Wednesday, June 22, 2005
LTC Comment: Analysts
at a Brookings Institution convocation yesterday recommended exempting
retirement savings from Medicaid eligibility limits for working families, BUT
NOT for elderly LTC benefits, to our surprise.
LTC BULLET: SHOULD
MEDICAID PROTECT RETIREMENT SAVINGS?
LTC Comment: Should
people with hundreds of thousands of dollars be able to retain those assets and
receive public welfare benefits? Most
people would respond with outrage at such a suggestion.
Yet that's what some elder law attorneys and their trade association have
proposed. And that's why "LTC
Bullets" monitored a Brookings Institution briefing yesterday titled
"Protecting Low-Income Families' Savings."
We wanted to see what conceivable rationale might be offered to justify
sheltering IRAs and 401-Ks from Medicaid eligibility limits.
To our surprise and satisfaction, the presenters came down much closer to
our position than we expected. Here's
Public welfare programs like Food Stamps, TANF (Temporary
Assistance for Needy Families), SSI (Supplemental Security Income), and Medicaid
have complicated, conflicting and counterproductive rules regarding treatment of
assets, including tax-favored retirement savings, in determining program
eligibility. Sometimes, those rules
force working families on the cusp of poverty to liquidate their retirement
savings accounts before they can receive temporary help from public programs to
get them through a brief bout of unemployment or illness.
Advocates maintain that the rules should be changed and unified to help
such marginal individuals and families avoid losing their savings.
Why should people be penalized and forced to start saving over again from
scratch just because they need a little short-term help?
The rationale for exempting retirement savings from
eligibility limits for these programs is that, if the savings are protected,
they will grow and someday, when the savers retire, families and individuals who
might have become dependent on public welfare for retirement, health, and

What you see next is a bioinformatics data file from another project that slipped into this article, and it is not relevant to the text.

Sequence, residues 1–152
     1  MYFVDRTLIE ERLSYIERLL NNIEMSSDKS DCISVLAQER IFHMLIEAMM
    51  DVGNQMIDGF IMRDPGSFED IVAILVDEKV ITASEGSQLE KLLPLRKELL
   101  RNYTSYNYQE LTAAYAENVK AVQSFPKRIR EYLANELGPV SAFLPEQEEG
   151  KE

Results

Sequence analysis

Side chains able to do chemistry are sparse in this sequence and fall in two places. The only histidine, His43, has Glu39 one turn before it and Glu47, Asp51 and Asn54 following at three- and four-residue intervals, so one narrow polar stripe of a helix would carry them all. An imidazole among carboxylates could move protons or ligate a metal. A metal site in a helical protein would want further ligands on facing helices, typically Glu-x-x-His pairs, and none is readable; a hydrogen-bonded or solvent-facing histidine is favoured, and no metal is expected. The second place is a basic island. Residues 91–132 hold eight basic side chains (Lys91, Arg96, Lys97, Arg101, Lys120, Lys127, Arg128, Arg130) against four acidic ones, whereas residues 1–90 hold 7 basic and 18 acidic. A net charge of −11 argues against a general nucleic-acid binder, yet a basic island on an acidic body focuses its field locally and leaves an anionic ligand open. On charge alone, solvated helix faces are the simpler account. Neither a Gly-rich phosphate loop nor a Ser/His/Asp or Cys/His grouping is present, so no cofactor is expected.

long-term care benefits will be better able to pay their own way.
It is in those later years, when the public benefits are most expensive
and least likely to be sustainable, given the impending fiscal strains on Social
Security, Medicare and Medicaid. Thus,
or so the argument goes, exempting retirement savings in the early working
years, will help build the savings over time so people will be able to pay their
own way someday when the burden on public programs would otherwise be much
OK, so far it makes sense:
let people get temporary help from public assistance programs without
forcing them to spend their small, but growing, tax-favored retirement accounts.
But we expected the next step in the argument to be a justification for
protecting retirement savings from eligibility determination for Medicaid's
long-term care benefits at a time when the accounts would likely be much, much
larger. Not so. Presenter
Robert Greenstein, Executive Director of the Center on Budget and Policy
Priorities, expressly stated that retirement savings should not be exempted for
Medicaid LTC benefit eligibility. In
fact, in response to a question from Center for Long-Term Care Reform president
Steve Moses, he said he favored stronger controls on Medicaid planning and
transfer of assets gimmicks that allow people with substantial assets to
circumvent the rules and take advantage of Medicaid benefits.
In a conversation after the briefing, Greenstein told Moses
that he is very interested in conferring with the Center for Long-Term Care
Reform about ideas and methods to discourage Medicaid planning abuses and to
ensure scarce Medicaid resources are preserved for people truly in need.
Greenstein wants to see Congress find as much of the $10 billion savings
in Medicaid mandated by the 2006 budget resolution achieved in ways that do not
hurt genuinely needy recipients, such as discouraging Medicaid planning abuses.
That is our goal too. We
will follow up with Mr. Greenstein and his Center on Budget and Policy
Priorities to pursue mutually compatible ideas toward that end.
For more about the Brookings briefing, go to http://www.brookings.edu/comm/events/20050621.htm
To read the report discussed at the Brookings briefing,
Families' Retirement Savings: How Retirement Accounts Are Treated in Means-Tested Programs and Steps to Remove Barriers to Retirement Saving," by ZoŽ Neuberger, Robert Greenstein and Eileen P. Sweeney, go to http://www.retirementsecurityproject.org/pubs/File/AssetTestReport.final.pdf .